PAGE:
Ionic compounds conduct electricity when they are dissociated into positive and negative ions that are free to move. The larger the number of mobile positive and negative ions, the more conductive the ionic material becomes.
Ionic dissociation may result when the compound is dissolved in polar solvents such as water. Many ionic compounds dissociate in polar solvents to give their respective positive and negative ions. An example is sodium chloride, which dissociates into positive sodium ions and negative chlorine ions. When positive and negative electrodes are dipped in the solution, positive ions are attracted towards the negative electrode, while negative ions are attracted towards the positive electrode. The conductivity of the solution is determined by the number of conducting species and the mobility of these species in the solution. Factors affecting these two criteria include the solubility constant and solution temperature. Increasing temperature often increases the solubility of a partially dissociating ionic solid in a solution, leading to higher conductivity. Higher temperature also imparts the ionic species with higher thermal kinetic energy, which also affects conductivity.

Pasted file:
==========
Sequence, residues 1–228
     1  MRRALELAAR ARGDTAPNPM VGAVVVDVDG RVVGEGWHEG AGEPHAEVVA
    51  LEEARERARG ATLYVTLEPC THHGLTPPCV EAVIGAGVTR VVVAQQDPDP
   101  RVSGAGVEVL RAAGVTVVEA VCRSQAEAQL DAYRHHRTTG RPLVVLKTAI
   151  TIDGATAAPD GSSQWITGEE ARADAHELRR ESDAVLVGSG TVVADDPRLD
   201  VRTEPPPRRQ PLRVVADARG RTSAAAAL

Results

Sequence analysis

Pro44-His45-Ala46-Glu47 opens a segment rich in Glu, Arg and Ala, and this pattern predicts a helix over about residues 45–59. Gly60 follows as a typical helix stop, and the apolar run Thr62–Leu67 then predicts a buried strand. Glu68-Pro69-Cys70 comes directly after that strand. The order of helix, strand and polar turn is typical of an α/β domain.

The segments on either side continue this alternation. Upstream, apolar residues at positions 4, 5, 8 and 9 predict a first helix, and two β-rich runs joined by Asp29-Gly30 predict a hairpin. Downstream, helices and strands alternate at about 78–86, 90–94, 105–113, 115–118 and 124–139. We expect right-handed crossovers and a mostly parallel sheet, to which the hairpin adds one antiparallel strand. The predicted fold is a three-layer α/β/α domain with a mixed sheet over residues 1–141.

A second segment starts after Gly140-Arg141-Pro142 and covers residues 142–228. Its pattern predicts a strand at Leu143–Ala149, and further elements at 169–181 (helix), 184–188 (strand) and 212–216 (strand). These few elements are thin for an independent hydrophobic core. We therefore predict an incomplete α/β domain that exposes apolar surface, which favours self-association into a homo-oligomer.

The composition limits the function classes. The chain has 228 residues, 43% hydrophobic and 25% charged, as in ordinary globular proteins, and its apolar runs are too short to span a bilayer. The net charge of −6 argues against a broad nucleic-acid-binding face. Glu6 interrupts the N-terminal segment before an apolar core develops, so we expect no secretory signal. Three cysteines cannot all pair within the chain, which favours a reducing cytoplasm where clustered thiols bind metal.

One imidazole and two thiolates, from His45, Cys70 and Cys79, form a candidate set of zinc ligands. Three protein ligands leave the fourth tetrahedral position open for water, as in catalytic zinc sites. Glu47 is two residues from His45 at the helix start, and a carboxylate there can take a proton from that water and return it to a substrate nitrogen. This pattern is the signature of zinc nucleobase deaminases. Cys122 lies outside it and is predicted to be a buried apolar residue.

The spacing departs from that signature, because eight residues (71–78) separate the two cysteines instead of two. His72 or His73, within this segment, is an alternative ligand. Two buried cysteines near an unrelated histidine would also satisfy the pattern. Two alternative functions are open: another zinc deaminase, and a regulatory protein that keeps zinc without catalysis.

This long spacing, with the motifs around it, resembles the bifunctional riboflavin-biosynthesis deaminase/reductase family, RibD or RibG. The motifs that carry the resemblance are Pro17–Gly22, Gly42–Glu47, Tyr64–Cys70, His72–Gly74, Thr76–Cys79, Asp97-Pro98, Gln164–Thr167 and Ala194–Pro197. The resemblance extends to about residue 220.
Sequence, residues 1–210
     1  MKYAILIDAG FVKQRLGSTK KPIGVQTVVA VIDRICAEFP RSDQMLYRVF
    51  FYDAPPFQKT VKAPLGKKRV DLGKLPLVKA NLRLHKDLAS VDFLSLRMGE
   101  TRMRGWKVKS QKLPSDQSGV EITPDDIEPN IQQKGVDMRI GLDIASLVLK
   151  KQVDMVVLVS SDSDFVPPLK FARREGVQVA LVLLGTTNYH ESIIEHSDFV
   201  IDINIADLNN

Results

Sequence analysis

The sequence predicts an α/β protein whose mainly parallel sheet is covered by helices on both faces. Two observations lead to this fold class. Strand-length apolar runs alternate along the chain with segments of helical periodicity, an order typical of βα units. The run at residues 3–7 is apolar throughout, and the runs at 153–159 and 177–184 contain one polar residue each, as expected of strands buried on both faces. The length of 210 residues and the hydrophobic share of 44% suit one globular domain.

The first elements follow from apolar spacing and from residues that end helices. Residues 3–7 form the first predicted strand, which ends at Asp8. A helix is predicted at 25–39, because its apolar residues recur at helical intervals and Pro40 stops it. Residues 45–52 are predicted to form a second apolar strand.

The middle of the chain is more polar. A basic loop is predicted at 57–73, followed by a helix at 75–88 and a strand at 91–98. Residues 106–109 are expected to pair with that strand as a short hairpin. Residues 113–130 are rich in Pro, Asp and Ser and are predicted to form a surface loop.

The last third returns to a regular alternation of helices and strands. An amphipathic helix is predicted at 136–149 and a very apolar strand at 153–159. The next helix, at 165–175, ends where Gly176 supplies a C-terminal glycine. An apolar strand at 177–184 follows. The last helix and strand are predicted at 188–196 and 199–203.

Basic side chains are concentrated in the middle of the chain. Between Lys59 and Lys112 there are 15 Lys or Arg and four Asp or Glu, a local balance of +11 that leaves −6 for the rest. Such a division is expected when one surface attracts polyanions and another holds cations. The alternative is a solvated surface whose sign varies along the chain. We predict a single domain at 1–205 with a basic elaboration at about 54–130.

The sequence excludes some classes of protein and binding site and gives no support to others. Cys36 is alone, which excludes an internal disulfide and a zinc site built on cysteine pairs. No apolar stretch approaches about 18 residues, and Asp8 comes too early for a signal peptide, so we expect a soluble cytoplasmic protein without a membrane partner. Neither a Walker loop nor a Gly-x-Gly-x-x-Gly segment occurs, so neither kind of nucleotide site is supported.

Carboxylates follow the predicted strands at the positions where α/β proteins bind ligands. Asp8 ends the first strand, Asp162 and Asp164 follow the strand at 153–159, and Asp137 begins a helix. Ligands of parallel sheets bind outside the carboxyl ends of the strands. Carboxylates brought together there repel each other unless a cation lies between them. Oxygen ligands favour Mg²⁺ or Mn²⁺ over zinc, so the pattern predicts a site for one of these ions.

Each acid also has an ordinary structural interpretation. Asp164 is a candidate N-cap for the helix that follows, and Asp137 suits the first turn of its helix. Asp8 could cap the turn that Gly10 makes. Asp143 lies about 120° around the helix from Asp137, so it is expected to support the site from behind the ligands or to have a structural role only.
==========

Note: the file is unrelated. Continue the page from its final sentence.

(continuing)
Ionic solids may also dissociate into their respective positive and negative ions when there are fused. Molten salts of ionic compounds are commonly used to extract the respective metals and nonmetals of the ionic compound through electrolysis.